VIEWS: 7 PAGES: 19 POSTED ON: 5/16/2012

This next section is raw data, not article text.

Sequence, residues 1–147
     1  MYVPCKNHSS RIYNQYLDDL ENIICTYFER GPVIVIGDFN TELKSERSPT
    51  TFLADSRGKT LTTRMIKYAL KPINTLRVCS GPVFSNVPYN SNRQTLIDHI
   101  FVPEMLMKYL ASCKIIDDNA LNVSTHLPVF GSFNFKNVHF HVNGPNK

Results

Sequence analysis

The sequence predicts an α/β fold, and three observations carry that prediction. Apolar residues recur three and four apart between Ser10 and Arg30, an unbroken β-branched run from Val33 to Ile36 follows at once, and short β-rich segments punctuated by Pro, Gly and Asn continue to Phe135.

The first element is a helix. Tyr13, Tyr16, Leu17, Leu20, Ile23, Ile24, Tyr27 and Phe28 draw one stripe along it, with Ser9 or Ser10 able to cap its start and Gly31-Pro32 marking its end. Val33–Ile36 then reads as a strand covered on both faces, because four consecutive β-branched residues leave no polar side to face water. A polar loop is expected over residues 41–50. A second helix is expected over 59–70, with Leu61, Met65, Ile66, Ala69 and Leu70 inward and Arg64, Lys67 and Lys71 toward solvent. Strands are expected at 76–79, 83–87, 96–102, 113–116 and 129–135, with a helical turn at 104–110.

Real-Time Model Checking is Really Simple Leslie Lamport Microsoft Research 13 June 2005 To be presented at Charme 2005, to be held 3-6 October 2005, u in Saarbr¨cken, Germany. This version is formatted diﬀerently, with diﬀerent line and page breaks, from the version to appear in the Charme proceedings. Contents 1 Introduction 1 Introduction 1 2 Writing Explicit-Time Speciﬁcations 2 3 Model Checking Explicit-Time Speciﬁcations 4 3.1 Speciﬁcations and Temporal Properties . . . . . . . . . . . . 4 3.2 Symmetry . . . . . . . . . . . . . . . . . . . . . . . . . . . . . 5 3.3 Model Checking . . . . . . . . . . . . . . . . . . . . . . . . . . 5 3.4 View Symmetry . . . . . . . . . . . . . . . . . . . . . . . . . . 7 3.5 Symmetry Under Time Translation . . . . . . . . . . . . . . . 7 3.6 Periodicity and Zeno Behaviors . . . . . . . . . . . . . . . . . 8 4 Comparison with Uppaal 10 4.1 The Leader Algorithm . . . . . . . . . . . . . . . . . . . . . . 10 4.2 Fischer’s Algorithm . . . . . . . . . . . . . . . . . . . . . . . . 14 5 Conclusion 15 References 16 Real-Time Model Checking is Really Simple Leslie Lamport Microsoft Research 13 June 2005 Abstract It is easy to write and verify real-time speciﬁcations with existing languages and methods; one just represents time as an ordinary vari- able and expresses timing requirements with special timer variables. The resulting speciﬁcations can be veriﬁed with an ordinary model checker. This basic idea and some less obvious details are explained, and results are presented for two examples. 1 Introduction Numerous special languages and logics have been proposed for specifying and verifying real-time algorithms. There is an alternative that I call the explicit-time approach, in which the current time is represented as the value of a variable now and the passage of time is modeled by a Tick action that increments now . Timing constraints are expressed with timer variables. Hardly anything has been written about the explicit-time approach, per- haps because it is so simple and obvious. As a result, most people seem to believe that they must use special real-time languages and logics. It has already been shown that an explicit-time approach works ﬁne for specifying and proving properties of real-time algorithms [1]. Here, I consider model checking explicit-time speciﬁcations. The major advantage of the explicit-time approach is that it can be used with any language and logic for describing concurrent algorithms. This is especially important for complex algorithms that can be quite diﬃcult to represent in the lower-level, inexpressive languages typical of real-time model checkers. For example, distributed message-passing algorithms have queues or sets of messages in transit, each with a bound on its delivery time. Such algorithms are diﬃcult or impossible to handle with most real-time model checkers. Section 2 brieﬂy explains the explicit-time approach with a simple distributed algorithm. A complete speciﬁcation of the algorithm in TLA+ [8], a high-level mathematics-based language, appears in [9]. Explicit-time descriptions can use either continuous or discrete time. Section 3 shows that when discrete time is used, these descriptions can be checked with ordinary model checkers. This simple fact has been known for quite a while and is implicit in several published results [5]. However, a direct statement of it does not seem to have appeared before in print. Moreover, there are some aspects of model checking explicit-time speciﬁcations that may not be obvious, including the use of view symmetry and a method for checking that a speciﬁcation is nonZeno [1]. Section 4 describes the result of checking the algorithm described in Section 2 with TLC, a model checker for TLA+ speciﬁcations, and with Uppaal [10], the only real-time model checker I know of that can handle this example. It also compares TLC, Spin [6], and SMV [11] with Uppaal on the Fischer mutual exclusion algorithm [13]. More details appear in [9]. 2 Writing Explicit-Time Speciﬁcations In an explicit-time speciﬁcation, time is represented with a variable now that is incremented by a Tick action. For a continuous-time speciﬁcation, Tick might increment now by any real number; for a discrete-time speciﬁcation, it increments now by 1. Timing bounds on actions are speciﬁed with one of three kinds of timer variables: a countdown timer is decremented by the Tick action, a count-up timer is incremented by Tick , and an expiration timer is left unchanged by Tick .1 A countdown or count-up timer expires when its value reaches some value; an expiration timer expires when its value minus now reaches some value. An upper-bound timing constraint on when an action A must occur is expressed by an enabling condition on the Tick action that prevents an increase in time from violating the constraint; a lower-bound constraint on when A may occur is expressed by an enabling condition on A that prevents it from being executed earlier than it should be. I illustrate how one writes explicit-time speciﬁcations using the example of a simple version of a classic distributed algorithm of Radia Perlman [12]. The original algorithm constructs a spanning tree rooted at the lowest- numbered node, called the leader. The tree is maintained by having the 1 Dutertre and Sorea [3] use a diﬀerent kind of timer variable that predicts the time at which an action will occur. 2 ∆ Tick = ∃ d ∈ {r ∈ Real : r > 0} : ∧ ∀ n ∈ Node : timer [n] + TODelay ≥ d ∧ ∀ ms ∈ BagToSet(msgs) : ms.rcvTimer ≥ d ∧ now = now + d ∧ timer = [n ∈ Node → timer [n] − d ] ∆ ∧ msgs = let Updated (ms) = [ms except !.rcvTimer = ms.rcvTimer − d ] in BagOfAll (Updated , msgs) ∧ unchanged ldr , dist Figure 1: The Tick action’s deﬁnition for the leader algorithm. leader periodically propagate an I’m Leader message down it that informs each node of its distance to the leader. A new tree is constructed if a failure causes some node to time out before receiving the I’m Leader message. I have simpliﬁed it by eliminating failures, so correctness means simply that every node learns the leader within some ﬁxed length of time. A complete TLA+ speciﬁcation of the algorithm appears in [9]. Here, I describe only the TLA+ speciﬁcation of the Tick action. The algorithm has three timing parameters, Period , MsgDelay, and TODelay. Each node n has a countdown timer timer [n]. Setting timer [n] to τ causes a timeout to occur between τ and τ +TODelay seconds later. By letting τ be the minimum timeout interval, this models both delay in react- ing to a timeout and variation in the running rate of physical timers. When its timeout occurs, node n sends an I’m Leader message and sets timer [n] to Period . If n receives an I’m Leader message from a lower-numbered node, it resets timer [n] to a suitable value. A message is assumed to be re- ceived at most MsgDelay seconds after it is sent, a constraint enforced with a rcvTimer countdown timer ﬁeld in the message. The algorithm achieves stability if, upon receiving a message from its leader, a node n sets timer [n] to a value no smaller than Period + TODelay + dist[n] ∗ MsgDelay, where dist[n] is the distance from n to the leader. Figure 1 contains the deﬁnition of the Tick action from the TLA+ spec- iﬁcation. It can’t be completely understood without seeing the rest of the speciﬁcation and having some knowledge of TLA+ (including the deﬁnitions of the operators BagToSet and BagOfAll from the standard Bags module). However, it will indicate how timing constraints are speciﬁed and also give an idea of the high-level nature of TLA+. This version is for a continuous-time speciﬁcation, in which now is incremented by some real value d . We obtain 3 a discrete-time speciﬁcation by replacing “ ∃d ∈ {r ∈ Real : r > 0} : ” ∆ with “ let d = 1 in ”. The action’s ﬁrst two conjuncts enforce the upper-bound constraints. The ﬁrst prevents timer [n] from becoming less than −TODelay, for each node n. The second prevents the timer ms.rcvTimer from becoming nega- tive, for all messages ms in the bag (multiset) msg of messages in transit. The action’s remaining conjuncts assert how the variables are changed. The third conjunct asserts that now is incremented by d . The fourth and ﬁfth conjuncts assert that all the timers are decremented by d , the fourth for each timer [n] and the ﬁfth for the timer component ms.rcvTimer of each message ms. The ﬁnal conjunct asserts that the speciﬁcation’s other variables are unchanged. The complete speciﬁcation asserts the additional timing constraint that a timeout action of node n cannot occur before timer [n] has counted down past 0. This constraint is expressed by the conjunct timer [n] < 0 in that action’s deﬁnition. 3 Model Checking Explicit-Time Speciﬁcations Most real-time system speciﬁcations are symmetric under time translation, meaning that system actions depend only on the passage of time, not on ab- solute time values. This section explains what symmetry and model check- ing under symmetry mean and describes a simple method of model checking explicit-time speciﬁcations that are symmetric under time translation. 3.1 Speciﬁcations and Temporal Properties Let a state of a speciﬁcation be an assignment of values to all the speciﬁ- cation’s variables, and let its state space be the set of all such states. A state predicate is a predicate (Boolean function) on states, and an action is A a predicate on pairs of states. The formula s −→ t asserts that action A is true on the pair s, t of states. A behavior is a sequence of states. A temporal property is a predicate on behaviors. Temporal properties are represented syntactically as temporal formulas. Assume a speciﬁcation S that consists of an initial predicate Init, a next- state action Next, and a liveness assumption L that is a temporal property, possibly equal to true. The initial predicate and next-state action form the safety part S of speciﬁcation S. A behavior s 1 , s 2 , . . . satisﬁes S iﬀ s 1 Next satisﬁes Init and s i −→ s i+1 for all i ; it satisﬁes S iﬀ it satisﬁes both S and L. 4 3.2 Symmetry A symmetry is an equivalence relation on states. A state predicate P is symmetric with respect to a symmetry ∼ iﬀ, for any states s and t with s ∼ t, predicate P is true in state s iﬀ it is true in state t. An action A is symmetric with respect to ∼ iﬀ, for any states s 1 , s 2 , and t 1 , A A s 1 −→ t 1 s 1 −→ t 1 implies there exists t 2 such that A s2 s 2 −→ t 2 In other words, for any states s 1 and s 2 with s 1 ∼ s 2 and any state t 1 , if A A s 1 −→ t 1 then there exists a state t 2 with t 1 ∼ t 2 such that s 2 −→ t 2 . A symmetry ∼ is extended to an equivalence relation on behaviors in the obvious way by letting two behaviors be equivalent iﬀ they have the same length and their corresponding states are equivalent. A temporal property is symmetric (with respect to ∼) iﬀ, for every pair of behaviors σ and τ with σ ∼ τ , the property is true of σ iﬀ it is true of τ . A temporal formula is constructed from state predicates and actions by applying temporal operators, logical connectives, and ordinary (non- temporal) quantiﬁcation. The formula is symmetric if each of its component state predicates and actions is symmetric. 3.3 Model Checking An explicit-state model checker works by computing the directed graph G of a speciﬁcation S’s reachable states. The nodes of G are states, and G is the smallest graph satisfying the following two conditions: (i) G contains Next all states satisfying Init, and (ii) if state s is a node of G and s −→ t, then G contains the node t and an edge from s to t. Paths through G (which may traverse the same node many times) starting from an initial state correspond to behaviors satisfying S. Those behaviors that also satisfy its liveness assumption are the ones that satisfy S. The model checker constructs G by the following algorithm, using a set U of unexamined reachable states. Initially, G and U are both empty. The checker ﬁrst sequentially enumerates the states satisfying Init, adding each state not already in G to both G and U. It does the following, while U is nonempty. It chooses some state s in U and enumerates all states t satisfying Next s −→ t. For each such t: (i) if t is not in G then it adds t to G and to U; (ii) if there is no edge from s to t in G, then it adds one. 5 Model checking under a constraint P is performed by constructing a subgraph of G containing only states that satisfy the state predicate P . To compute the subgraph, this procedure is modiﬁed to add a state to G and U only if the state satisﬁes P . Model checking under a symmetry ∼ consists of constructing a smaller graph E by adding a state to E and U only if E does not already contain an equivalent state. The graph E constructed in this way satisﬁes the following properties: (i) s ∼ t for every distinct pair of nodes s, t of E; (ii) for every state s satisfying Init, there is a node t in E such that t satisﬁes Init and Next s ∼ t; (iii) for every node s of E and every state t such that s −→ t, the graph E contains a node t with t ∼ t and an edge from s to t . The speciﬁcation is then checked as if E were the reachable-state graph. Here, I ignore practical concerns and assume a theoretical model checker that can perform this algorithm even if the state graph is inﬁnite. All the results apply a fortiori if the state graph is ﬁnite. For model checking with symmetry to be equivalent to ordinary model checking, the following condition must hold: SS. A behavior satisﬁes S iﬀ it is equivalent (under ∼) to a behavior de- scribed by a path through E starting from an initial state. This condition does not imply that the behaviors described by paths through E satisfy S, just that they are equivalent to ones that satisfy S. Condition SS is true if the speciﬁcation satisﬁes the following two properties: S1. (a) Init is symmetric, or (b) No two states satisfying Init are equivalent. S2. Next is symmetric. The speciﬁcation is deﬁned to be safety symmetric iﬀ it satisﬁes S1 and S2. An explicit-state model checker checks that a correctness property F holds by checking that L ⇒ F holds for every behavior described by a path through the reachable-state graph starting from an initial state, where L is the speciﬁcation’s liveness assumption. A symmetric property is true of a behavior iﬀ it is true of any equivalent behavior. Condition SS therefore implies that model checking with symmetry is equivalent to ordinary model checking for verifying that a safety symmetric speciﬁcation with a symmetric liveness assumption satisﬁes a symmetric property. The simplest kind of temporal property is a state predicate P , which as a temporal formula asserts that P is true initially. If the speciﬁcation satisﬁes S1(b), then model checking with symmetry is equivalent to ordinary model checking for verifying that P is satisﬁed, even if P is not symmetric. 6 3.4 View Symmetry A view symmetry is deﬁned by an arbitrary function on states called a view. Two states are equivalent under a view V iﬀ the value of V is the same in the two states. Many explicit-state model checkers test if a state s is in the state graph G constructed so far by keeping the set of ﬁngerprints of nodes in G and testing if G contains a node with the same ﬁngerprint as s. Such a checker is easily modiﬁed to implement checking under view symmetry by keeping ﬁngerprints of the views of states rather than of the states themselves. TLC supports view symmetry as well as symmetry under permutations of a constant set. View symmetry is equivalent to abstraction [2, 4] for a symmetric speci- ﬁcation S. Abstraction consists of checking S by model checking a diﬀerent speciﬁcation A called an abstraction of S. The view corresponds to the abstraction mapping from states of S to states of A. 3.5 Symmetry Under Time Translation Time-translation symmetry is a special kind of symmetry in which two states are equivalent iﬀ they are the same except for absolute time. I now deﬁne what this means, using the notation that s.v is the value of variable v in state s. A time translation is a family of mappings T d on the state space of the speciﬁcation S that satisﬁes the following properties, for all states s and all real numbers d and e: (i) T d (s).now = s.now + d , (ii) T 0 (s) = s, and (iii) T d+e (s) = T d (T e (s)). Speciﬁcation S is deﬁned to be invariant under this time translation iﬀ it satisﬁes the following two conditions, for all real numbers d . T1. (a) A state s satisﬁes Init iﬀ T d (s) does, or (b) s.now = t.now for any states s and t satisfying Init. Next Next T2. s −→ t iﬀ T d (s) −→ T d (t), for any states s and t. Given a time translation, we deﬁne the time-translation symmetry ∼ by s ∼ t iﬀ s = T d (t) for some d . T1 and T2 imply S1 and S2 for this symmetry. Hence, a speciﬁcation that is invariant under a time translation is symmetric under the corresponding time-translation symmetry. Invariance under time translation is stronger than time-translation symmetry because, in addition to implying SS, it implies the following property. 7 TT. Let s 1 , . . . , s k and t 1 , t 2 , . . . be two behaviors satisfying S (the second behavior may be ﬁnite or inﬁnite). If s k = T d (t j ), then the behavior s 1 , . . . , s k , T d (t j +1 ), T d (t j +2 ), . . . also satisﬁes S. To deﬁne a time translation, we must deﬁne T d (s).v for every real number d , state s, and variable v . Explicit-time speciﬁcations have three kinds of variables: now , timer variables, and “ordinary” variables that are left unchanged by the Tick action. We know that T d (s).now equals s.now + d . Time translation should not change the value of an ordinary variable v , so we should have T d (s).v = s.v for such a variable. For a timer variable t, we should deﬁne T d (s).t so that the number of seconds in which t will time out is the same in s and T d (s). The value of a countdown or count-up timer directly indicates the number of seconds until it times out, so T d (s).ct should equal s.ct for such a timer ct. Whether or not an expiration timer et has timed out depends on the value of et − now . The time translation T d preserves the number of seconds until et times out iﬀ T d (s).et − T d (s).now equals s.et − s.now , which is true iﬀ T d (s).et = s.et + d . With this deﬁnition of the T d , any explicit-time speciﬁcation is invariant under time translation, and hence safety symmetric under time-translation symmetry, if it expresses real-time requirements only through timer vari- ables. Let v 1 , . . . , v m be the speciﬁcation’s ordinary variables and count- down and count-up timer variables, and let et 1 , . . . , et n be its expiration timer variables. Then symmetry under time translation is the same as view symmetry with the view v 1 , . . . , v m , et 1 − now , . . . , et n − now . 3.6 Periodicity and Zeno Behaviors Let NZ be the temporal property asserting that time increases without bound. A speciﬁcation S is nonZeno iﬀ every ﬁnite behavior satisfying S can be extended to an inﬁnite one satisfying S and NZ [1]. Property NZ is not symmetric under time translation; by replacing states of a behavior with ones translated back to the behavior’s starting time, we can construct an equivalent behavior in which now never changes. Thus, model checking with time-translation symmetry cannot be used to check that a speciﬁcation is nonZeno. However, we can take advantage of time-translation invariance as follows to use ordinary model checking to show that a speciﬁcation is nonZeno. Let S be a speciﬁcation that is invariant under time translation. For sim- plicity, we assume that the initial condition of S asserts that now equals 0, so s.now ≥ 0 for all reachable states s. For any reachable state s, let 8 LeastTime(s) be the greatest lower bound of the values t.now for all states t equivalent to s (under time-translation symmetry). The period of S is de- ﬁned to be the least upper bound of the values LeastTime(s) for all reachable states s of S. Intuitively, if a system’s speciﬁcation has a ﬁnite period λ, then all its possible behaviors are revealed within λ seconds. More pre- cisely, any λ-second segment of a system behavior is the time translation of a segment from the ﬁrst λ seconds of some (possibly diﬀerent) behavior. Deﬁne the condition NZλ as follows, where λ is a positive real number. NZλ . Every ﬁnite behavior satisfying S that ends in a state s with s.now ≤ λ can be extended to a behavior satisfying S that ends in a state t with t.now ≥ λ + 1. It can be shown that if a speciﬁcation S is time-translation invariant, has a period less than or equal to the real number λ, and satisﬁes NZλ , then it is nonZeno. Therefore, we can check that S is nonZeno by verifying that S has a period of at most λ and that it satisﬁes NZλ . Here is how we can use model checking under time-translation symmetry to ﬁnd an upper bound on the period of S. Let E be the state graph con- structed by model checking under this symmetry. Because every reachable state is equivalent to a node in E, the period of S is less than or equal to the least upper bound of the values s.now for all nodes s of E. (Since all initial states have now = 0, the period of most speciﬁcations will equal this least upper bound for a model checker that, like TLC, uses a breadth-ﬁrst construction of the state graph.) Debugging features allow the TLC user to insert in the speciﬁcation expressions that always equal true, but whose evaluation causes TLC to perform certain operations. Using these features, it is easy to have TLC examine each state s that it ﬁnds and print the value of s.now iﬀ s.now > t.now for every state t it has already found.2 This makes computing an upper bound on the period of S easy. An explicit-state model checker that lacks the ability to compute the upper bound can ver- ify that λ is an upper bound on the period by verifying the invariance of now ≤ λ, using time-translation symmetry. To check that S satisﬁes NZλ , we must show that from every reachable state with now ≤ λ, it is possible to reach a state with now ≥ λ + 1. We can do this by model checking with the constraint now ≤ λ + 1, in which the model checker ignores any state it ﬁnds with now > λ+1. It is easy to verify NZλ under this constraint with a model checker that can check possibility properties. With one like TLC that checks only linear-time temporal proper- ties, we must show that S together with fairness assumptions on subactions 2 One of the features needed was added to TLC after publication of [8]. 9 of its next-state action imply that the value of now must eventually reach λ + 1 [1, 7]. That is, we add fairness assumptions on certain actions and check that eventually now ≥ λ + 1 holds, using the constraint now ≤ λ + 1. All of this, including the deﬁnition of period, has been under the assump- tion that now = 0 for all initial states. Extending the deﬁnition of period to the general case is not hard, but there is no need to do it. Invariance under time translation requires that either (a) the set of initial states is invariant under time translation, or (b) the value of now is the same in all initial states. In case (b), that value will probably either be 0 or else a parameter of the speciﬁcation that we can set equal to 0. In case (a), we conjoin the requirement now = 0 to the initial predicate. Invariance under time trans- lation implies that, in either case, modifying the speciﬁcation in this way does not aﬀect whether or not it is nonZeno. 4 Comparison with Uppaal 4.1 The Leader Algorithm I have checked the TLA+ speciﬁcation of the leader algorithm with the TLC model checker. Although the speciﬁcation is time-translation invariant, the correctness property is not. It asserts (now > c(n)) ⇒ P (n) for each node n, where c(n) is a constant expression and P (n) does not contain now . We could add a timer variable and restate the property in terms of it. (This is what is done in the Uppaal model.) However, I instead had TLC check the property under a symmetry ∼ deﬁned as follows. Let Σ be the maximum of c(n) for all nodes n. Then s ∼ t iﬀ s.now and t.now are both equal or both greater than Σ. Both the speciﬁcation and the correctness property are symmetric under ∼. This symmetry is view symmetry under the view consisting of the tuple v 1 , . . . , v k , if now > Σ then Σ + 1 else now , where the v i are all the variables except now . Real-time model checkers use much lower-level modeling languages than TLA+. Uppaal [10] is the only one I know of whose language is expressive enough to model this algorithm. Arne Skou, with the assistance of Gerd Behrmann and Kim Larsen, translated the TLA+ speciﬁcation to an Uppaal model. Since Uppaal’s modeling language is not as expressive as TLA+, this required some encoding. In particular, Uppaal cannot represent the potentially unbounded multiset of messages in the TLA+ speciﬁcation, so the Uppaal model uses a ﬁxed-length array instead. To ensure that the model faithfully represents the algorithm, Uppaal checks that this array does not overﬂow. 10 TLC and Uppaal were run on diﬀerent but roughly comparable machines. As indicated, some Uppaal executions were run on a 30-machine network. More detailed results are presented in [9]. The parameters of the speciﬁcation are the number N of nodes, a con- stant operator that describes the graph, and the timing constants Period , TODelay, and MsgDelay. The latter two are upper-bound constraints, which implies that the number of reachable states is an increasing func- tion of their values. Figure 2 shows the results of checking the correctness property on two diﬀerent graphs, with 3 and 4 nodes, for some haphazardly chosen values of the timing bounds. Uppaal timings are given for a single machine and for the 30-machine network; fail means that Uppaal ran out of memory. We expect that increasing a timing bound will increase the number of reachable states, and hence TLC’s execution time, since it increases the number of possible values of the timer variables. The time required by Uppaal’s algorithm depends only on the ratios of the timing bounds, not on their absolute value. The results show that Uppaal’s execution time is strongly dependent on the ratio MsgDelay/Period . For ratios signiﬁcantly less than .6, Uppaal’s execution time depends almost entirely on the graph and not on the other parameters. TLC’s execution time depends on the magnitude of the parameters as well as on this ratio. Hence, if Uppaal succeeds, it is usually faster than TLC for small values of the parameters and much faster for larger values. Using 30 processors extends the range of parameters for which Uppaal succeeds. TLC can be run on multiple com- puters using Java’s RMI mechanism. Tests have shown that execution speed typically increases by a factor of about .7 times the number of computers. This suggests that, run on a network of processors, TLC’s execution speed is comparable to Uppaal’s for the range of instances tested. However, since increasing the timing-constraint parameters increases the number of reach- able states, TLC will be slower than Uppaal for large enough values of these parameters. The overall result is that Uppaal can check models with larger timing- constraint parameters, and hence with a ﬁner-grained choice of ratios be- tween the parameters. However, TLC can check a wider range of ratios among the parameters. For ﬁnding bugs, the ability to check parameter ra- tios of both 1:2 and 2:1 is likely to be more useful than the ability to check ratios of both 1:2 and 11:20.3 3 The Uppaal model was subsequently rewritten to improve its performance. Because the TLA+ speciﬁcation was written to be as simple as possible, with no consideration of model-checking eﬃciency, the fairest comparison seems to be with the ﬁrst Uppaal model. 11 N =3 N =4 ¨2 1r 1 2 3 4 3 MsgDelay 30-proc N Period MsgDelay TODelay Period TLC Uppaal Uppaal 3 10 3 5 .3 255 9.4 2.9 3 1 1 .33 4 9.4 13.4 5 2 5 .5 70 11.2 2.9 5 3 1 .6 13 30.8 3.0 5 3 5 .6 265 fail 20.9 3 2 1 .67 7 10.2 3.0 3 2 2 .67 20 fail 16.6 5 4 1 .8 27 32.5 9.2 5 4 5 .8 980 fail fail 2 2 1 1 11 fail fail 1 2 1 2 270 fail fail 1 2 2 2 1280 fail fail 4 10 3 5 .3 1385 42.2 2.5 3 1 1 .33 6 43.9 2.7 5 2 2 .4 42 48.3 4.2 5 2 5 .4 390 93.0 4.3 2 1 1 .5 6 48.2 3.7 5 3 1 .6 28 72.8 3.8 5 3 5 .6 1770 fail 84.6 3 2 1 .67 12 73.1 9.8 3 2 2 .67 44 fail 73.1 5 4 5 .8 6760 fail fail 2 2 1 1 13 fail fail 1 2 1 2 390 fail fail 1 2 2 2 1650 fail fail Figure 2: Comparison of Uppaal and TLC execution times in seconds for the indicated graphs with 3 and 4 nodes. 12 MsgDelay reachable msgs in transit Period MsgDelay TODelay Period states max mean 2 2 1 1 6579 6 3.46 1 2 1 2 240931 12 6.57 3 2 2 .67 20572 6 3.69 10 3 5 .33 247580 6 3.85 Figure 3: The number of messages in transit. The dependence on the MsgDelay/Period ratio can be explained as fol- lows. Since Period is a lower bound on the time between the sending of messages and MsgDelay is an upper bound on how long it takes to deliver the message, the maximum number of messages that can be in transit at any time should be roughly proportional to this ratio. The table of Figure 3 gives some idea of what’s going on, where the results are for the 3-node graph. The ﬁrst two rows show the dramatic eﬀect of changing Period and leaving the other parameters the same. The second two rows show that the MsgDelay/Period ratio is just one of the factors determining the number of messages in transit and the number of reachable states. It is possible that these results reﬂect some special property of this ex- ample. However, the sensitivity to the MsgDelay/Period ratio suggests that it is the messages in transit that pose a problem for Uppaal. Each message carries a timer, and the performance of real-time model checkers tends to depend on the number of concurrently running timers. Perhaps the most common use of real time in systems is for constraints on message transit time—constraints that are modeled by attaching timers to messages. This suggests that Uppaal might have diﬃculty checking such systems if there can be many messages in transit. However, more examples must be tried before we can draw any such conclusion. TLC was also used to check that some of the instances in Figure 2 were nonZeno. For N = 3, this took about twice as long as checking the correctness property; for N = 4 the two times were about the same. Uppaal can check the new model on a single computer an average of 4.5 times faster for the N = 3 instances of Figure 2 and 50 times faster for the N = 4 instances, but it still fails when MsgDelay/Period is greater than about 1. The new model therefore does not alter the basic result that Uppaal is faster than TLC for the range of parameter ratios it can handle, but it cannot handle as wide a range. 13 Safety Liveness K states TLCs TLC Spin SMV TLC Spin SMV 2 155976 9 29 .7 1.3 128 3.7 2.5 3 450407 10 78 2.4 3.8 385 13 6.3 4 1101072 16 194 6.9 6.5 1040 49 10 5 2388291 26 399 19 10 3456 171 16 6 4731824 47 784 51 14 5566 468 22 7 8730831 78 1468 142 25 13654 1317 40 8 15208872 132 2546 378 35 3593 54 9 25263947 244 4404 977 46 5237 73 10 40323576 446 7258 2145 62 95 Uppaal 135 Figure 4: Execution times in seconds for a simple version of Fischer’s al- gorithm with 6 threads, where TLCs is TLC with symmetry under thread permutations. 4.2 Fischer’s Algorithm I also compared the explicit-state approach to the use of Uppaal on a ver- sion of Fischer’s mutual exclusion algorithm [13] that is distributed with Uppaal. Because TLA+ is a very high-level language, TLC must “execute” a speciﬁcation interpretively. It is therefore signiﬁcantly slower than con- ventional model checkers for verifying simple systems. I also obtained data for two other popular model checkers whose models are written in lower- level languages: the explicit-state model checker Spin [6] and the symbolic checker SMV [11] that uses binary decision diagrams. The Spin model was written and checked by Gerard Holzmann, and the SMV model was written and checked by Ken McMillan. Checked were the safety properties of mu- tual exclusion and deadlock freedom (except for SMV) and a simple liveness property. This version of Fischer’s algorithm uses a parameter K that is both an upper- and lower-bound timing constraint. All the models were tested for 6 threads, which is the smallest number for which Uppaal takes a signiﬁcant amount of time. The results for diﬀerent values of K are shown in Figure 4. Uppaal’s execution time is independent of K . For checking safety, TLC was run both with and without symmetry under permutations of threads. (The liveness property is not symmetric.) The speedups obtained by the 6-fold symmetry should not be taken very seriously; in real examples one at best obtains only 2- or 3-fold symmetry. 14 Since Uppaal’s execution time is independent of K , we know that for large enough values of K it will be faster than a model checker whose run- ning time depends on K . All of the model checkers could check the spec- iﬁcation for large enough values of K to provide reasonable conﬁdence of its correctness, though the numbers do not bode well for the ability of TLC and Spin to check liveness for more complicated examples. We do not ex- pect TLC’s performance on liveness checking to be good enough for large applications. But because Fischer’s algorithm is so simple, it is dangerous to infer from these numbers that the performance of Uppaal and SMV would be good enough. 5 Conclusion Experts in the ﬁeld will not be surprised that one can write and check explicit-time speciﬁcations using ordinary model checkers. But this is ap- parently not widely appreciated because it has not been stated clearly in the literature. Moreover, the use of view symmetry and the method described here for checking that a speciﬁcation is nonZeno may be new even to experts. I know of no previous comparisons of the explicit-state approach with the use of a real-time model checker. The results reported here do not tell us how the two methods will compare on other examples. But they do indicate that verifying explicit-time speciﬁcations with an ordinary model checker is not very much worse than using a real-time model checker. Indeed, the results for the leader algorithm suggest that the explicit-time approach is competitive with Uppaal for distributed algorithms. The results of using TLC to check two more complicated versions of Fischer’s algorithm are reported in [9]. They too suggest that TLC can be used in practice to check explicit-time speciﬁcations. The main advantage of an explicit-time approach is the ability to use lan- guages and tools not specially designed for real-time model checking. There are practical reasons for using a higher-level language like TLA+ instead of one designed expressly for model checking. As one industrial user remarked, “The prototyping and debug phase through TLA+/TLC is so much more eﬃcient than in a lower-level language.” 15 References ın [1] Mart´ Abadi and Leslie Lamport. An old-fashioned recipe for real time. ACM Transactions on Programming Languages and Systems, 16(5):1543–1571, September 1994. [2] Edmund M. Clarke, Orna Grumberg, and David E. Long. Model check- ing and abstraction. ACM Transactions on Programming Languages and Systems, 16(5):1512–1542, September 1994. [3] Bruno Dutertre and Maria Sorea. Modeling and veriﬁcation of a fault- tolerant real-time startup protocol using calendar automata. In Formal Techniques, Modelling and Analysis of Timed and Fault-Tolerant Sys- tems, Joint International Conferences on Formal Modelling and Analy- sis of Timed Systems, FORMATS 2004 and Formal Techniques in Real- Time and Fault-Tolerant Systems, FTRTFT 2004, Grenoble, France, September 22-24, 2004, Proceedings, volume 3253 of Lecture Notes in Computer Science, pages 199–214. Springer, 2004. [4] Susanne Graf and Claire Loiseaux. Property preserving abstractions under parallel composition. In Marie-Claude Gaudel and Jean-Pierre Jouannaud, editors, TAPSOFT’93: Theory and Practice of Software Development, volume 668 of Lecture Notes in Computer Science, pages 644–657. Springer, 1993. [5] Thomas A. Henzinger and Orna Kupferman. From quantity to quality. In Oded Maler, editor, Proceedings of the International Workshop on Hybrid and Real-Time Systems (HART ’97), volume 1997 of Lecture Notes in Computer Science, pages 48–62. Springer-Verlag, 1997. [6] Gerard J. Holzmann. The Spin Model Checker. Addison-Wesley, Boston, 2004. [7] Leslie Lamport. Proving possibility properties. Theoretical Computer Science, 206(1–2):341–352, October 1998. [8] Leslie Lamport. Specifying Systems. Addison-Wesley, Boston, 2003. A link to an electronic copy can be found at http://lamport.org. [9] Leslie Lamport. Real time is really simple. Technical Report MSR-TR- 2005-30, Microsoft Research, March 2005. 16 [10] Kim Guldstrand Larsen, Paul Pettersson, and Wang Yi. UPPAAL in a nutshell. International Journal of Software Tools for Technology Transfer, 1(1/2):134–152, December 1997. [11] K. L. McMillan. Symbolic Model Checking. Kluwer, 1993. [12] Radia Perlman. An algorithm for distributed computation of a span- ningtree in an extended LAN. In Proceedings of the Ninth Symposium on Data Communications, pages 44–53. SIGCOMM, ACM Press, 1985. [13] Fred B. Schneider, Bard Bloom, and Keith Marzullo. Putting time into proof outlines. In J. W. de Bakker, C. Huizing, W.-P. de Roever, and G. Rozenberg, editors, Real-Time: Theory in Practice, volume 600 of Lecture Notes in Computer Science, pages 618–639, Berlin, Heidelberg, New York, 1992. Springer-Verlag. 17